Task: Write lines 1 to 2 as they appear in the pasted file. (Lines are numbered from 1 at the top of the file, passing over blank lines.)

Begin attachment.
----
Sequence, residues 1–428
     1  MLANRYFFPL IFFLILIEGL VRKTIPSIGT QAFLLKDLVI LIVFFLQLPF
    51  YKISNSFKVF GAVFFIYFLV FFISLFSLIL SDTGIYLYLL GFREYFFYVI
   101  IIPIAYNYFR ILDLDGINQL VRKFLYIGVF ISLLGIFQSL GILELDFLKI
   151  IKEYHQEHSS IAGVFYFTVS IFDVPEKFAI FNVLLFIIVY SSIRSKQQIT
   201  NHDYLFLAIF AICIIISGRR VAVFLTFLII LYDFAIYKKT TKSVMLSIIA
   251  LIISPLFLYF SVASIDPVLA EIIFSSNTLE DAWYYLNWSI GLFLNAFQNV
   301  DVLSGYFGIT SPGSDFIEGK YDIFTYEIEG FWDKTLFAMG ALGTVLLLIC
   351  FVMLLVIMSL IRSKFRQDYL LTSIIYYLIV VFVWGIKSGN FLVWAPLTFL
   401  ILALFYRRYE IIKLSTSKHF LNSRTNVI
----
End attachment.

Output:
Sequence, residues 1–428
     1  MLANRYFFPL IFFLILIEGL VRKTIPSIGT QAFLLKDLVI LIVFFLQLPF